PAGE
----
Disaster risks out of control despite global agreement to stop them

Disaster risks out of control despite global agreement to stop them

 Increasing numbers of people are being affected by larger, ever more complex and more expensive disasters because decision makers are failing to put people first and prevent risks from becoming disasters. This is the conclusion of a multi-country review by the United Nations Office for Disaster Risk Reduction (UNDRR).

The review looked at how countries are implementing the Sendai Framework for Disaster Risk Reduction, an international agreement with seven targets adopted in 2015 by 187 countries.

Eight years into its implementation, a Report on the Findings and Recommendations of the Midterm Review of the Sendai Framework found that “progress has stalled and, in some cases, reversed.”

Among the troubling reversals is that there has been an 80 percent increase in the number of people affected by disasters since 2015. Moreover, the costs of disasters remain high, with an average above US$ 330 billion per year between 2015 and 2021, which is estimated to be significantly undervalued.

Mami Mizutori is a Special Representative of the UN Secretary-General for Disaster Risk Reduction and head of UNDRR.

“One doesn’t have to look hard to find examples of how disasters are becoming worse. The sad fact is that many of these disasters are preventable because they are caused by human decisions,” she said.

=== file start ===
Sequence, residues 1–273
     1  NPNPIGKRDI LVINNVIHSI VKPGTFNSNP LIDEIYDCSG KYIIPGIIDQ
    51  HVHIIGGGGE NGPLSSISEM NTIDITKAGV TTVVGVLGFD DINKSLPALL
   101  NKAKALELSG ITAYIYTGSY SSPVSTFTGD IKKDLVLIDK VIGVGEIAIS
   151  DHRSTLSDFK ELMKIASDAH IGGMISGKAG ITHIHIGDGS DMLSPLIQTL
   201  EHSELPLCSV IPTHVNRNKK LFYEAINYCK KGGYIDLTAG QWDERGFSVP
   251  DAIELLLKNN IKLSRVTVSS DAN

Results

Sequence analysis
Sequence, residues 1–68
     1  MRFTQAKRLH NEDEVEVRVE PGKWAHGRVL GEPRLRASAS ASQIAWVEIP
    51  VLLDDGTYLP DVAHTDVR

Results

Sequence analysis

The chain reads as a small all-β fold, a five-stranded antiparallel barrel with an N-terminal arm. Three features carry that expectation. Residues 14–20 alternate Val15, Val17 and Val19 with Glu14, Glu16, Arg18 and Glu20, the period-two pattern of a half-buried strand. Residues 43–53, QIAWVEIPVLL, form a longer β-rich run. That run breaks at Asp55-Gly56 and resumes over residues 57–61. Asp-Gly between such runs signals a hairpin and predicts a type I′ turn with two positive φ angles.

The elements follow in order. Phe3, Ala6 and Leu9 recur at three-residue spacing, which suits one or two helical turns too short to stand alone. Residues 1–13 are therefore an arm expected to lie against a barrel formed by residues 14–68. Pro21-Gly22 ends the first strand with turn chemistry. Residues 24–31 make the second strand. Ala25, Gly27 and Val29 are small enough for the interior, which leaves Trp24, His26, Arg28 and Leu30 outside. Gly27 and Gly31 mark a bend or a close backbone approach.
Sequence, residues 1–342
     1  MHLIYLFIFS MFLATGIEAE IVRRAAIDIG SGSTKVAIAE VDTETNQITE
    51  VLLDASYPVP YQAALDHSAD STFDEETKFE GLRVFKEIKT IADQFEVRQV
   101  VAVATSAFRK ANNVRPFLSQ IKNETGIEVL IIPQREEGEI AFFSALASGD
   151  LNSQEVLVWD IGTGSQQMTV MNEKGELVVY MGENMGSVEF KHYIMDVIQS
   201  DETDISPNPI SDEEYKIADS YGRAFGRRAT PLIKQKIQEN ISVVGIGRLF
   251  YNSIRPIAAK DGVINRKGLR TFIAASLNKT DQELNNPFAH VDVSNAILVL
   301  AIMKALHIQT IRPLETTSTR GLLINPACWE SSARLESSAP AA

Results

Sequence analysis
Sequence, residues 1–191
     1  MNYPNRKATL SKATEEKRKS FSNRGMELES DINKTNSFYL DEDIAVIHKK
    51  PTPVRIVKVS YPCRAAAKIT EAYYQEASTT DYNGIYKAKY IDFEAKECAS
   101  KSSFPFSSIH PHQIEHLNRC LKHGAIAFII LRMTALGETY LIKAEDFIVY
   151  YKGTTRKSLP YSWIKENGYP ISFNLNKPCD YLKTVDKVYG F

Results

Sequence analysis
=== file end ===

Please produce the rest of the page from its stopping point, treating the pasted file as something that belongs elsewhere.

“The call to action of the Midterm Review is that countries need to reduce risk in every decision, action, and investment they make,”

Many of these disasters are climate-related, and in light of the latest warnings from the Intergovernmental Panel on Climate Change, countries are likely to face even worse disasters if global temperatures continue to rise. The impacts of which are brutally unequal, with developing countries hit the hardest.

The report points to the rapid accumulation of risk that is building up, intersecting with the risks of breaching planetary boundaries, biodiversity and ecosystem limits – which is spiralling out of control. The world’s societies, technologies, and environments have become connected, and disasters can spread quickly. The COVID-19 pandemic began as a local outbreak in 2019, but spread around the world to kill over six million people by the end of 2022 and damage the global economy.

The report also points to areas of progress, including on data quality and analysis, and how countries are organising themselves to adopt a prevention-oriented approach through national disaster risk reduction strategies. These have a key objective of ensuring strong and inclusive governance systems to manage disaster risk and their potential to cause a cascade of dangerous effects. To date, 125 countries have reported developing such strategies

Disaster preparedness has also advanced and is now more effective in saving lives. This is reflected through a decline in disaster related mortality (barring COVID-19 impact) from 1.77 per 100,000 global population in the decade 2005-2014 to 0.84 in the decade 2012-2021. A safer world is achievable. If countries, regulators and the key sectors that our lives depend on invest the resources to understand and reduce risks, disasters can be prevented.

The report captures several recommendations, which will be discussed on 18 and 19 May at a meeting of the UN General Assembly in New York.

You can download The Report of the Midterm Review of the Implementation of the Sendai Framework for Disaster Risk Reduction 2015-2030at this link.


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